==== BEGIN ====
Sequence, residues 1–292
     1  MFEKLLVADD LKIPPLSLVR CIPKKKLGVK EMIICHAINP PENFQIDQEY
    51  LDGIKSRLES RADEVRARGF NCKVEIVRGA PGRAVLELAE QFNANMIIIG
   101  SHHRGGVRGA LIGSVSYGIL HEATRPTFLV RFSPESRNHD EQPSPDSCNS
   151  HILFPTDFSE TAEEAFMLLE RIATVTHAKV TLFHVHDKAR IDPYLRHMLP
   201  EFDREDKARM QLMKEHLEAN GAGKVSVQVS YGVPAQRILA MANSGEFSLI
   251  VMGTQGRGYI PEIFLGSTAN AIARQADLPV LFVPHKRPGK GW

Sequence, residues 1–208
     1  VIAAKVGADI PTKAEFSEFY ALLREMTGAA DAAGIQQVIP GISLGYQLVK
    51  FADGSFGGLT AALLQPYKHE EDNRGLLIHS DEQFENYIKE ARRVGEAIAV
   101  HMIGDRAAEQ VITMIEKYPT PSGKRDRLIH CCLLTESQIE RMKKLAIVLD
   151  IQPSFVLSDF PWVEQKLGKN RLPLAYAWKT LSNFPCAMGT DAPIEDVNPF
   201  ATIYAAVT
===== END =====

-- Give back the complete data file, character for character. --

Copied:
Sequence, residues 1–292
     1  MFEKLLVADD LKIPPLSLVR CIPKKKLGVK EMIICHAINP PENFQIDQEY
    51  LDGIKSRLES RADEVRARGF NCKVEIVRGA PGRAVLELAE QFNANMIIIG
   101  SHHRGGVRGA LIGSVSYGIL HEATRPTFLV RFSPESRNHD EQPSPDSCNS
   151  HILFPTDFSE TAEEAFMLLE RIATVTHAKV TLFHVHDKAR IDPYLRHMLP
   201  EFDREDKARM QLMKEHLEAN GAGKVSVQVS YGVPAQRILA MANSGEFSLI
   251  VMGTQGRGYI PEIFLGSTAN AIARQADLPV LFVPHKRPGK GW

Sequence, residues 1–208
     1  VIAAKVGADI PTKAEFSEFY ALLREMTGAA DAAGIQQVIP GISLGYQLVK
    51  FADGSFGGLT AALLQPYKHE EDNRGLLIHS DEQFENYIKE ARRVGEAIAV
   101  HMIGDRAAEQ VITMIEKYPT PSGKRDRLIH CCLLTESQIE RMKKLAIVLD
   151  IQPSFVLSDF PWVEQKLGKN RLPLAYAWKT LSNFPCAMGT DAPIEDVNPF
   201  ATIYAAVT